China’s markets provide strong support for the size effect but little support for the price-to-book effect. In the context of monetary policy, the size effect is stronger when monetary policy is restrictive. An examination of herding behavior between 2002 and 2012 reveals significant effects that decrease after 2006, which suggests that information asymmetries in China’s markets are diminishing. Herding and monetary policy add significant information to a four-factor conditional pricing model.
The authors’ objective is to study the size and price-to-book ratio (P/B) effects in China’s stock markets and to examine whether these effects are influenced by monetary policy. The authors add herding and monetary policy factors as information variables in a four-factor conditional beta model. The primary contribution of the research is in identifying herding as a possible information variable in a conditional asset pricing model.
How Is This Research Useful to Practitioners?
The authors find evidence that the size effect is present across all levels of systematic risk, whereas evidence does not support the P/B effect in China’s markets. Some research suggests that the size and value effects are simply risk factors that compensate for the probability of distress. Given that many of China’s stocks, especially those listed in Shanghai, are state-owned enterprises (SOEs) that might be protected from bankruptcy, the value premium does not apply; these stocks may not require a risk premium for distress. China’s markets are dissimilar to US markets in that the size effect in the former is consistent and significant only under restrictive monetary policy conditions. The authors suggest that their findings on the size and P/B effect differences between Chinese and US markets are the result of higher informational asymmetries and a high level of state ownership in China’s companies.
Retail investors are the dominant participants in China’s markets, trading over 80% of volume. These investors are characterized as having limited knowledge of the stock markets, which creates favorable conditions for herding behavior.
The conclusions the authors make on the size and P/B effects and the existence of herding have two important inferences for China’s markets. First, investors in China do not seem to demand higher returns for small companies and value stocks during periods of expansive monetary policy. Second, the size and P/B effects in China’s markets can be affected not only by monetary policy but also by investor herding, which may moderate these effects.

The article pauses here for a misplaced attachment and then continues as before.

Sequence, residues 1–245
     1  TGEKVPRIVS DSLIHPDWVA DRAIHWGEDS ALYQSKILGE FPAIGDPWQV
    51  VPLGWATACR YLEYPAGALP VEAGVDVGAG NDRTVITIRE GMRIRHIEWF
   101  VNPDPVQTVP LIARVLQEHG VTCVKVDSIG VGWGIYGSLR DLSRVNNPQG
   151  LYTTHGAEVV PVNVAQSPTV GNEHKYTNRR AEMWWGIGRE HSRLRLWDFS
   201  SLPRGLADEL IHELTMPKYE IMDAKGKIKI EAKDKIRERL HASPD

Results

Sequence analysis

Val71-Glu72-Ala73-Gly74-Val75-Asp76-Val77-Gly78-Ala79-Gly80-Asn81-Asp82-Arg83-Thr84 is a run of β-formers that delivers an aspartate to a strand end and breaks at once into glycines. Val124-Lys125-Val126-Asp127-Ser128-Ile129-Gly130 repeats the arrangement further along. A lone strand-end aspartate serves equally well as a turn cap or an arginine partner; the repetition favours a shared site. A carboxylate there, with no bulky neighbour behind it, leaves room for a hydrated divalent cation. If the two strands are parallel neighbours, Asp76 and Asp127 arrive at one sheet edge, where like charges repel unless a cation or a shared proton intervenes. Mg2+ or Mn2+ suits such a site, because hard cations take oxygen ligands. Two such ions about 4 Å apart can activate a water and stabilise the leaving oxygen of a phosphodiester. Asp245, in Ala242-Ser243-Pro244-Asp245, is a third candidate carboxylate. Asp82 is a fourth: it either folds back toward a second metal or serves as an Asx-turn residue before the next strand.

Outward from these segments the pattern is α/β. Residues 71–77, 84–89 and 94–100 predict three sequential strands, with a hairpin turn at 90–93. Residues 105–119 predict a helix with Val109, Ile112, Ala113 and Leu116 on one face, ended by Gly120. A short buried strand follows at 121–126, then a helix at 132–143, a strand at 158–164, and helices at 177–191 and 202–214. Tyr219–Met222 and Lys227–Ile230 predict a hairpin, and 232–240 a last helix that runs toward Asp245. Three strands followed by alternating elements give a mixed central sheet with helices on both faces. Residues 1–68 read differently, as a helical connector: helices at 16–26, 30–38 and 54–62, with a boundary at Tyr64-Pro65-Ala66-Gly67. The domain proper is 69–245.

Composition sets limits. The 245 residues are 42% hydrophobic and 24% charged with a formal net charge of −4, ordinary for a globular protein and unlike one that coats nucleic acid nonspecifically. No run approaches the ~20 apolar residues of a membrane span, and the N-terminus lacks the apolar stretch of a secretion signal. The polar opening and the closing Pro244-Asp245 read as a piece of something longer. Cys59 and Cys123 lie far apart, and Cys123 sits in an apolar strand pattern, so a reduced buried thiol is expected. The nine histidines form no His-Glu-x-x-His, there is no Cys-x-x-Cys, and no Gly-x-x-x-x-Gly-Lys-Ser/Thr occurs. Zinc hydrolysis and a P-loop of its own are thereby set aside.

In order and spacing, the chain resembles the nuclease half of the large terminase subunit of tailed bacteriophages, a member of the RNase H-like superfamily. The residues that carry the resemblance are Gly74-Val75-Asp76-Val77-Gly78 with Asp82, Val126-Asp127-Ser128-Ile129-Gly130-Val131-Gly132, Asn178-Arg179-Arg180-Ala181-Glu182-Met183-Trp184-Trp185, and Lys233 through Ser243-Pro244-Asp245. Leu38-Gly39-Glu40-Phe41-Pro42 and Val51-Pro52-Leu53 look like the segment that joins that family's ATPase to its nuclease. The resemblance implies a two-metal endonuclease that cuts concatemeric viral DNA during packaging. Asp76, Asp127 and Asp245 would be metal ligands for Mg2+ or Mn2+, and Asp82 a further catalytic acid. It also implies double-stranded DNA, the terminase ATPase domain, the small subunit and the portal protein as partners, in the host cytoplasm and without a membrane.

The authors’ four-factor conditional beta model, which uses herding and monetary policy as information variables, provides evidence that herding and monetary policy affect conditional betas of the market risk premium as well as size, value, and momentum risk factors.
Because of regulations, China’s investors generally have investment opportunities limited to China’s stocks, real estate, and bank deposits. If regulations restrict investments in real estate, fund flows to the equity market may increase. To address the differing study results on investor herding in China’s markets, the authors exclude the possibility that investor herding is triggered by changes in the flow of funds caused by government regulations in real estate markets and find that herding cannot be credited to these actions.
How Did the Authors Conduct This Research?
The sample includes all companies listed on the Shanghai and Shenzhen stock exchanges from 1999 to 2012. With only A-shares and companies with complete data included, the study sample consists of 732–1,266 companies for each year.
The authors form and analyze 100 portfolios ranked by beta–size and beta–P/Bs. Portfolio performance is evaluated by calculating equally weighted returns for each month from July of year t to June of year t + 1 for each beta–size and beta–P/B portfolio. For the 10-year period, this process results in 120 monthly returns for each portfolio. The discount rate set by the People’s Bank of China is used to classify the monetary environment as restrictive or expansionary but only in the month when the discount rate is changed.
To examine whether herding behavior is present in China’s markets, the selected methodology assumes herding occurs over the entire distribution of market returns. The authors study the 2002–12 time period and then divide the sample into two time periods to capture whether important regulations concerning the securities markets have any impact on herding behavior. Although herding still exists after 2006, it seems to have diminished as China’s market regulations have encouraged greater information flow to equity market investors.
To evaluate whether herding and monetary policy can be used as information variables in a conditional asset pricing model, the authors use a four-factor model and assume that the betas are linear functions of time-varying herding and monetary policy variables. Size, value, and momentum factors are estimated for the Shanghai and Shenzhen stock exchanges, and portfolios are formed to calculate monthly factors. Herding and monetary policy factors are included in the asset pricing model.
The authors’ research, in my opinion, is an important contribution to the existing literature comparing China’s markets with such developed markets as those in the United States. The academic and practitioner communities should be particularly interested in the identification of herding as a potential information variable in a conditional asset pricing model. This important contribution warrants further examination and study.